Interview: Inside a censored China

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Interview: Inside a censored China

Chinese academic Kaiser Kuo says some censorship can be justified.

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Beijing-based academic Kaiser Kuo will bravely step into a local political storm in a series of televised debates this week as one of the few voices arguing that some forms of internet censorship can be justified.

His billing on Q&A tonight, at the Intelligence Squared debate at Sydney's City Recital Hall tomorrow night and the Wheeler Centre in Melbourne on Thursday presents an opportunity to understand internet censorship from a very different world-view to our own.

Speaking to iTnews from his Sydney hotel room today, Kuo joked that he was asked to come to Australia because the St James Ethics Centre - which runs the Sydney event -  "struggled to locate anyone willing to back such an unpopular position" - that censorship can be justified.

But those expecting Kuo to argue censorship is routinely justified will be disappointed. Kuo, a consultant for Chinese video site Youku.com and a political science graduate from Berkeley, would feel more comfortable on the other side of the debate.

"In most cases, I am opposed to internet censorship," he said. "It is rarely used judiciously.

"I just need to help people understand that this isn't a black and white issue, there are many shades of grey."

Kuo argues that his home country of China has a "draconian sense of censorship.

"I have severe objections to the way it's done in China," he said. "It is entirely un-transparent and arbitrary. It is done using blunt instruments, and there are unintended casualties when they swing those blunt instruments about.

"But even in China, occasionally there are instances where lives are actually saved by internet censorship. It's rare, but it happens."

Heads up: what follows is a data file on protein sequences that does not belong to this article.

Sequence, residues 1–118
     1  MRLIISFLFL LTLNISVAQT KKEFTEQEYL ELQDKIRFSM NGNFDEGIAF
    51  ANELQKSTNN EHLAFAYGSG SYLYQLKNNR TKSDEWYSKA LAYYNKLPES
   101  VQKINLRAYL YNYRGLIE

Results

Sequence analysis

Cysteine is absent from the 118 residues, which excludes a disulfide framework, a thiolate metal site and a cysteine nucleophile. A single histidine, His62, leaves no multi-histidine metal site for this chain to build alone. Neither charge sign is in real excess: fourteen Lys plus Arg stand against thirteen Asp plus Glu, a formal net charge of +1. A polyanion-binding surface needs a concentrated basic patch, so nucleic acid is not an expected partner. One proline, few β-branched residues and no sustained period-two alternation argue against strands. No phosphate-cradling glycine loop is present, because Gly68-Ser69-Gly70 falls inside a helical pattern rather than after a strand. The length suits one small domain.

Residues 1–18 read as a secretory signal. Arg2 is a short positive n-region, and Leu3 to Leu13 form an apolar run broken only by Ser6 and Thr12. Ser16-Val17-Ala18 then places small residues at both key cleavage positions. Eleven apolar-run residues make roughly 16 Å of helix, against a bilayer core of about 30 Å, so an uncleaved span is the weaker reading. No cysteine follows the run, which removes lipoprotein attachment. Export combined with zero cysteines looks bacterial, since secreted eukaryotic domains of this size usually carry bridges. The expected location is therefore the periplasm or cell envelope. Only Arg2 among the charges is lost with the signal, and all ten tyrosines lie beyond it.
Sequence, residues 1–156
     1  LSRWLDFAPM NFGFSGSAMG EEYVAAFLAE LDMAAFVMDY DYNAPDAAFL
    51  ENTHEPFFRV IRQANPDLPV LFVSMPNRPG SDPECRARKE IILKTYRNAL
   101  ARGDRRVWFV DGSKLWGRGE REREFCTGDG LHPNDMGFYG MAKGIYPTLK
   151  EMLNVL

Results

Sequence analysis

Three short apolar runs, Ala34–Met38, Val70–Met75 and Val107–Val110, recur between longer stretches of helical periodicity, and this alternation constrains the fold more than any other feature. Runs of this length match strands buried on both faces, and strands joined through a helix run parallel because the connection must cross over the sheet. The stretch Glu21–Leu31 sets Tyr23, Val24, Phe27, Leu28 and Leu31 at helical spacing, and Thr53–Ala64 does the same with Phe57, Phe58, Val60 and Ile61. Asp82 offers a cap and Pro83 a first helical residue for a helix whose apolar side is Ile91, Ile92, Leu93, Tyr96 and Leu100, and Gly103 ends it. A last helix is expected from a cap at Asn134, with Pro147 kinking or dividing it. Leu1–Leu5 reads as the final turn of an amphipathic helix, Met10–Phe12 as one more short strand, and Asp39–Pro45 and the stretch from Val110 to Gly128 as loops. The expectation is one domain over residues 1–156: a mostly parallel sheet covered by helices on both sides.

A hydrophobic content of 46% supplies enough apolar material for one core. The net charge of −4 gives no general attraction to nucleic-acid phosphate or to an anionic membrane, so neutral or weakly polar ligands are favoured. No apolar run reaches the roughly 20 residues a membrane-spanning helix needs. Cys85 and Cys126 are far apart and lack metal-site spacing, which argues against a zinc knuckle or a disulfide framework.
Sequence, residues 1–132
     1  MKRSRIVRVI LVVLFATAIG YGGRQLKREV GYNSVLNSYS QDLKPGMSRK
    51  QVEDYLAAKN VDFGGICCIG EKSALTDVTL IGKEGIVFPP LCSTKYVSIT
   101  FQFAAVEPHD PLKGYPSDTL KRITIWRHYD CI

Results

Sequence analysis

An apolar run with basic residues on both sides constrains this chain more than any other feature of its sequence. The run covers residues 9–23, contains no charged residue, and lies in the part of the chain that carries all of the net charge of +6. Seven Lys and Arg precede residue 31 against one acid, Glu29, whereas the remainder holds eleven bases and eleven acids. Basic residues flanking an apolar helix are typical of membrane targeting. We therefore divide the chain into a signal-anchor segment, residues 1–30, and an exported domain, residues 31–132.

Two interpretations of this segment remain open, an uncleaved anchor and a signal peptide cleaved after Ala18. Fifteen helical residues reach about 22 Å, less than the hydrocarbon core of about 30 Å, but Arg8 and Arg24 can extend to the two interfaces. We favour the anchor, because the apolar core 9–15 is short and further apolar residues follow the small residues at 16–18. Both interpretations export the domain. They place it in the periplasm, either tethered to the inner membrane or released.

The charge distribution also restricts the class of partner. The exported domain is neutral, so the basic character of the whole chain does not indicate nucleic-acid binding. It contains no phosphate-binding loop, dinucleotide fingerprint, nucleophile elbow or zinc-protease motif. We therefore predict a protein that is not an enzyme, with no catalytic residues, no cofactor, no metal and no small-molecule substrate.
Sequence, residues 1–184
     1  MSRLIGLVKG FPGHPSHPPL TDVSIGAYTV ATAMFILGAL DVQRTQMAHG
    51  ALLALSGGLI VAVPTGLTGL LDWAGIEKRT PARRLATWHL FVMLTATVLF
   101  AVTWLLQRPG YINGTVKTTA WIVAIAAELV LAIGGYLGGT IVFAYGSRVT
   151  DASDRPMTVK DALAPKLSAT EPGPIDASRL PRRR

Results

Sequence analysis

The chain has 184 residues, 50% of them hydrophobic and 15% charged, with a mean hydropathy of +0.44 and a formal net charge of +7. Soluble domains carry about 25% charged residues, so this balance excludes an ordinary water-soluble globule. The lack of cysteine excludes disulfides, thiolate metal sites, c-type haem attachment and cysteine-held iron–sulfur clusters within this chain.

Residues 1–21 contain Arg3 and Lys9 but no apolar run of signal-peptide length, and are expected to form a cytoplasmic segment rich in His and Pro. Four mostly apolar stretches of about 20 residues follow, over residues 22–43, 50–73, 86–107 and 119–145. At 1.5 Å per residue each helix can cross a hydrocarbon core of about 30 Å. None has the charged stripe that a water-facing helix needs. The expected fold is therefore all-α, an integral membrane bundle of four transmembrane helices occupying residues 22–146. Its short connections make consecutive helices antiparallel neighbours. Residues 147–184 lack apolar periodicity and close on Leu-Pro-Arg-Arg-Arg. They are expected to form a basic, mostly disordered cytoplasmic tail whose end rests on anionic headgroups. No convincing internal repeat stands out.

Life-saving censorship?

Kuo takes us back to July 5th, 2009, when the Chinese Government locked down the whole of the Xinjiang province in response to ethnic violence in its capital, Urimqi. In this case, a larger number of Han Chinese - the nation's predominate ethnicity - were killed in clashes with a minority group, the Uighurs.

"The security bureaucracy agreed very quickly to enact an internet blackout," Kuo said. "There were genuine fears of recriminations against the Muslim Uighur minority throughout China. Han Chinese in bigger cities were ready to incite violence against this minority.

"As heavy handed as their reasons were, the impetus for the bureaucracy to censor the internet was not unreasonable."

Kuo also uses an example from India - where the popular Google Orkut social networking tool is monitored and censored by Google against any criticisms of the Hindu Nationalist Party Shiv Sena, purely because of the violence such discussions have led to historically.

"It's a real problem for Google," Kuo says. "They believe in the right to free speech, but they also don't like people rioting and burning cars."

Read on for Page Two - The reality of Chinese internet censorship

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